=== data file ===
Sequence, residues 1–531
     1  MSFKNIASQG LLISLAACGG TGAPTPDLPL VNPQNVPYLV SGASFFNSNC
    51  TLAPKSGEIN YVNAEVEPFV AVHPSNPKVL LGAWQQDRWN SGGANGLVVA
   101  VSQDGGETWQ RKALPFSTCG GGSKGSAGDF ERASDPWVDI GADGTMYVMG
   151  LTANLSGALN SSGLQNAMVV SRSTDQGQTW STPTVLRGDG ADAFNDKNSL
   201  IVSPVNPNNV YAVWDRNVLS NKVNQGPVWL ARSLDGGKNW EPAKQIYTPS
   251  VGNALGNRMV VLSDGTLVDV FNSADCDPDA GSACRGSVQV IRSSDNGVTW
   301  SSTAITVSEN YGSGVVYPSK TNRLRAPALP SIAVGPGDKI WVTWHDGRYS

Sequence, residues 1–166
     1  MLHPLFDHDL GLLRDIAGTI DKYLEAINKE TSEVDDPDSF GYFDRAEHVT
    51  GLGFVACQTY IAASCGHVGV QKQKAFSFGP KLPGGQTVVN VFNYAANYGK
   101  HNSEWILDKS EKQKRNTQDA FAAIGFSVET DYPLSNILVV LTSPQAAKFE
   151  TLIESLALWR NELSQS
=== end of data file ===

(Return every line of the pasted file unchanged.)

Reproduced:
Sequence, residues 1–531
     1  MSFKNIASQG LLISLAACGG TGAPTPDLPL VNPQNVPYLV SGASFFNSNC
    51  TLAPKSGEIN YVNAEVEPFV AVHPSNPKVL LGAWQQDRWN SGGANGLVVA
   101  VSQDGGETWQ RKALPFSTCG GGSKGSAGDF ERASDPWVDI GADGTMYVMG
   151  LTANLSGALN SSGLQNAMVV SRSTDQGQTW STPTVLRGDG ADAFNDKNSL
   201  IVSPVNPNNV YAVWDRNVLS NKVNQGPVWL ARSLDGGKNW EPAKQIYTPS
   251  VGNALGNRMV VLSDGTLVDV FNSADCDPDA GSACRGSVQV IRSSDNGVTW
   301  SSTAITVSEN YGSGVVYPSK TNRLRAPALP SIAVGPGDKI WVTWHDGRYS

Sequence, residues 1–166
     1  MLHPLFDHDL GLLRDIAGTI DKYLEAINKE TSEVDDPDSF GYFDRAEHVT
    51  GLGFVACQTY IAASCGHVGV QKQKAFSFGP KLPGGQTVVN VFNYAANYGK
   101  HNSEWILDKS EKQKRNTQDA FAAIGFSVET DYPLSNILVV LTSPQAAKFE
   151  TLIESLALWR NELSQS